Canada continues to be among the worst countries for using data on your cellphone, but overall wireless prices are coming down, a new study finds.
Wireless prices on average fell by 11 per cent for low-use subscribers, 13 per cent for average-use wireless plans, and five per cent for heavy users since last year, according to the 2013 Wall Communications report, carried out for Industry Canada and the CRTC.
The study found Canada’s small wireless players — Mobilicity, Public Mobile and Wind Mobile — were between 14 per cent and 39 per cent less expensive than the big telecoms, depending on the level of service.
“Further, the monthly data allowances offered by the new wireless entrants, on average, exceed those of the incumbents,” the report said.
The study stands in stark contrast to some other research. A report from J.D. Power & Associates this past May found that Canadians have seen their wireless bills jump 13 per cent, on average, in the past year.
The Wall Communications report found that, when it came to data, the difference between the large and small players was even greater: For data plans of 2 GB per month, the small carriers were 30 per cent less expensive than the large telecoms, and for data plans of 5 GB per month, the small players were a full 41 per cent less expensive.
The report said wireless prices have been coming down for the past five years — the same period of time for which the small wireless companies have been operating.
It compared prices for wireless in Canada with five other major markets — the U.S., Australia, Britain, France and Japan — and found Canada not to be the worst, but by no means the best either.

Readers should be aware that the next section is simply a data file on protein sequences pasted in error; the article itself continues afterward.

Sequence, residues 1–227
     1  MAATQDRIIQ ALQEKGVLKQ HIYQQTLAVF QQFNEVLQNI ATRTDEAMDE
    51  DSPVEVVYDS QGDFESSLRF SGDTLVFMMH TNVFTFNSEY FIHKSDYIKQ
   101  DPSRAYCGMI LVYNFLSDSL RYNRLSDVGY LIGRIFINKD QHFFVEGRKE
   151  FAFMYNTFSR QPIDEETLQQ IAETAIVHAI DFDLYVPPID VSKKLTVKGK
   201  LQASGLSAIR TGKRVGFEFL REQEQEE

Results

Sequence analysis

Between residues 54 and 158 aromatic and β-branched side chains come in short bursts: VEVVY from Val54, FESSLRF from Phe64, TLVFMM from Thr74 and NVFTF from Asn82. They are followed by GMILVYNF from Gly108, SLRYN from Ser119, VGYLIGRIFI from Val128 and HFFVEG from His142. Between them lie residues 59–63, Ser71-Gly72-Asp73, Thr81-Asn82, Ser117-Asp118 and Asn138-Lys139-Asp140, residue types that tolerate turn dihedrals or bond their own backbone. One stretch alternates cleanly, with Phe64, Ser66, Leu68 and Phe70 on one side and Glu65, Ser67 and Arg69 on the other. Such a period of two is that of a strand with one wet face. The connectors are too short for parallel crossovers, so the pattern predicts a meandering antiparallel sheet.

Canada had the second-highest wireless prices for low-use plans and average-use plans, and the third-highest prices of the six countries for heavy-use plans.
On data plans, Canada ranked “on the high side” for 2 GB data plans, and had the highest data rates of the six surveyed countries for 5 GB of data per month.
The survey also looked at prices for broadband internet, and found Canada had the second-highest costs for high-speed plans, behind only the U.S., but “compared favourably” when it came to lighter internet plans, with prices very similar to the other countries surveyed.
Internet prices in Canada came down as well, between one per cent and 12 per cent depending on the level of service, the report said.
In a press release Thursday, Industry Minister Christian Paradis argued government policy had a hand in falling telecom prices.
The report “demonstrates that the Harper Government's action to increase wireless competition is delivering lower prices and more choice for Canadian families,” Paradis said in the statement.
Paradis added the “Harper Government will not let this progress be lost or undermined. We will continue. We will not hesitate to use any and every tool at our disposal to protect consumers and promote competition in every region of the country."
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